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McHenry woman joins Peace Corps

Published: Tuesday, June 18, 2013 12:08 a.m. CDT • Updated: Tuesday, June 18, 2013 12:13 a.m. CDT

McHENRY – New Peace Corps volunteer Sara Boro, 24, of McHenry will leave Tuesday for a two-year assignment to Guatemala. It is just now sinking in how long she will be away from home.

After an extensive application process, which she submitted in May 2012, Boro finally is ready to embark on her long-term trip to Guatemala.

During her two-year stay, Boro will assist in community-needs assignments, help develop after-school programs for children between sixth and eighth grades to keep them out of trouble and help at-risk youths.

Boro is the daughter of Dan and Nancy Boro and a 2007 graduate of McHenry West High School. She completed her undergraduate and graduate education at Eastern Illinois University with a bachelor’s degree in communication studies and a master’s degree in college student affairs.

“I really agree with what the Peace Corps stands for, and I wanted to gain the experience of living abroad for an extended amount of time,” Boro said. “This will allow me to be better able to relate to international students who come to the U.S.”

Boro will be away for 27 months. The first three months of her service will be dedicated to training, which includes technical, language, health and safety training while living with a host family. Then she will work on community development projects.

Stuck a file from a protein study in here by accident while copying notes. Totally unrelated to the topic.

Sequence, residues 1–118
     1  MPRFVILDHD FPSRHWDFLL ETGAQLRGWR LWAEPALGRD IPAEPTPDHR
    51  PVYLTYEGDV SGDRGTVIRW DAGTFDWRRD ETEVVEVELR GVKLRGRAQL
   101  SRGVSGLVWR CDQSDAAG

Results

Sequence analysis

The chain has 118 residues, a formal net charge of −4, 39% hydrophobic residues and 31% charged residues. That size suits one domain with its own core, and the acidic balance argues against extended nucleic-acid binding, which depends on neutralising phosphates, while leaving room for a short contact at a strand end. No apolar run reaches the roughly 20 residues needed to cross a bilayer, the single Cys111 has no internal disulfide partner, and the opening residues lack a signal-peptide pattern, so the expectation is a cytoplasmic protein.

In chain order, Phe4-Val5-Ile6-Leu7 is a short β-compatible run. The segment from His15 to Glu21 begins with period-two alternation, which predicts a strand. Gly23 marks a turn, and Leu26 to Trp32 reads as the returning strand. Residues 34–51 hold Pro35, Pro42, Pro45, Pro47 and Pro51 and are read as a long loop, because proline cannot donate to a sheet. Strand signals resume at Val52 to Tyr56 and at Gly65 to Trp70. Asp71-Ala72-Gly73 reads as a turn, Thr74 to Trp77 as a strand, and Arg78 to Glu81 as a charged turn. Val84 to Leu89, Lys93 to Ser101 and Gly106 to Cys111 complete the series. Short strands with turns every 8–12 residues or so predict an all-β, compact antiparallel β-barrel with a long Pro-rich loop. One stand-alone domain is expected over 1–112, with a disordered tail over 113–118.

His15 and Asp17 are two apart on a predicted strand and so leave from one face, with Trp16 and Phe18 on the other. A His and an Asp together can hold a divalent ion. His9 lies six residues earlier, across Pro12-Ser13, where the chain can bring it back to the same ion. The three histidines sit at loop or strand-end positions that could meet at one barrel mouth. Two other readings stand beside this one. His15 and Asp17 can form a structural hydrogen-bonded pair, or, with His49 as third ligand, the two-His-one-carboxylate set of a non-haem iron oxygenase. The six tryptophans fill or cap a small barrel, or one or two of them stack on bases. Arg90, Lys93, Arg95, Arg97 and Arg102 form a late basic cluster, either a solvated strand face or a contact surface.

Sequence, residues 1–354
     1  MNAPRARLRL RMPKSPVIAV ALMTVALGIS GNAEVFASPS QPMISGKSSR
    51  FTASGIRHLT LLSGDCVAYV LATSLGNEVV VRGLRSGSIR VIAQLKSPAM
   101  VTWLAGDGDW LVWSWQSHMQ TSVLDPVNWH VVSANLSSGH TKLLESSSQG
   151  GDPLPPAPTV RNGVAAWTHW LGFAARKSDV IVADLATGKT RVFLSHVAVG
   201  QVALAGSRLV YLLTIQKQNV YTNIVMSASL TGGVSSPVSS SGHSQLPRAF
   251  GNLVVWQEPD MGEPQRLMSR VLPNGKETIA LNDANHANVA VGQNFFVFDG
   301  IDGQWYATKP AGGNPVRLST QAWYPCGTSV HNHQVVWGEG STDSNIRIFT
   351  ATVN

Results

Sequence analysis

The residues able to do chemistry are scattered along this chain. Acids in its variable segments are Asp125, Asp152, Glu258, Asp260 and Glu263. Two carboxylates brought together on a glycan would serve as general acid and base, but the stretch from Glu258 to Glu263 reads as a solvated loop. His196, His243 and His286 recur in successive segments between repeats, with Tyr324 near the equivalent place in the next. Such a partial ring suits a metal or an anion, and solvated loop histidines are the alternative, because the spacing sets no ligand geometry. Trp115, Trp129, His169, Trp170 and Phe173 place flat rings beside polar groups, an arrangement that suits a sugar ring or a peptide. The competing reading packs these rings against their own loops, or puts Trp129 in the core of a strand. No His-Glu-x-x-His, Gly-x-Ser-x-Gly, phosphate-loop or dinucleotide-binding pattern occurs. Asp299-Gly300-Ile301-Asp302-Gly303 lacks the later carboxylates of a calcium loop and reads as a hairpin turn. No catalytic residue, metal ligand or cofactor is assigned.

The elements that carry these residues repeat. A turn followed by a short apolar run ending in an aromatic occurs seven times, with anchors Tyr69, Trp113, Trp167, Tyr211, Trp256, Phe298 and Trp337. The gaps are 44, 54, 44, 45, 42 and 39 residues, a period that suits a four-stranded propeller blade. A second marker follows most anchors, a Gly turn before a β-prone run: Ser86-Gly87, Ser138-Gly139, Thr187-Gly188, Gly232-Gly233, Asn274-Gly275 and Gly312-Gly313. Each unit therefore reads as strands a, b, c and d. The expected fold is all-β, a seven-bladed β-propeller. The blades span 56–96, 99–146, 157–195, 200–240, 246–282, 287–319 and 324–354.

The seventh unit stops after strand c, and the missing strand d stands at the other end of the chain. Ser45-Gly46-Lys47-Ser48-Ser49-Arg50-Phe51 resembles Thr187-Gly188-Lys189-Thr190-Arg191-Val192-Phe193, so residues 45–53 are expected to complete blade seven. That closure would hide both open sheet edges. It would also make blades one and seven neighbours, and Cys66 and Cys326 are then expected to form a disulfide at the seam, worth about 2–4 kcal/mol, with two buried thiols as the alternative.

Boro also will be working with classes from the local area, including one from Eastern Illinois University and her mother’s grade school class. This will give her a little piece of home during her extended stay in Guatemala.

“I decided to join the Peace Corps because I wanted to have a true international experience,” Boro said. “The longest I’ve ever been abroad was four months during college. I studied in Ecuador, Spain, New Zealand, Australia and India, but I have never been away for so long. This is why I’m a little nervous to go on this trip.”

Boro has few concerns about her safety during her stay in Guatemala.

“The Peace Corps does a lot to make sure we are prepared and safe,” she said. “I honestly think I will be overly prepared when it comes to safety, which is not a bad thing.”

Boro has nerves about language barriers.

“I minored in Spanish during my undergraduate education, but some portions of Guatemala speak a Mayan language which I may need to learn depending on which community I am assigned to,” Boro said.

“It is really just starting to hit me now that I’m going to be away from home for so long, but I am up for the challenge of stepping out of my comfort zone,” she added. Boro is one of 352 Illinois residents serving in the Peace Corps.

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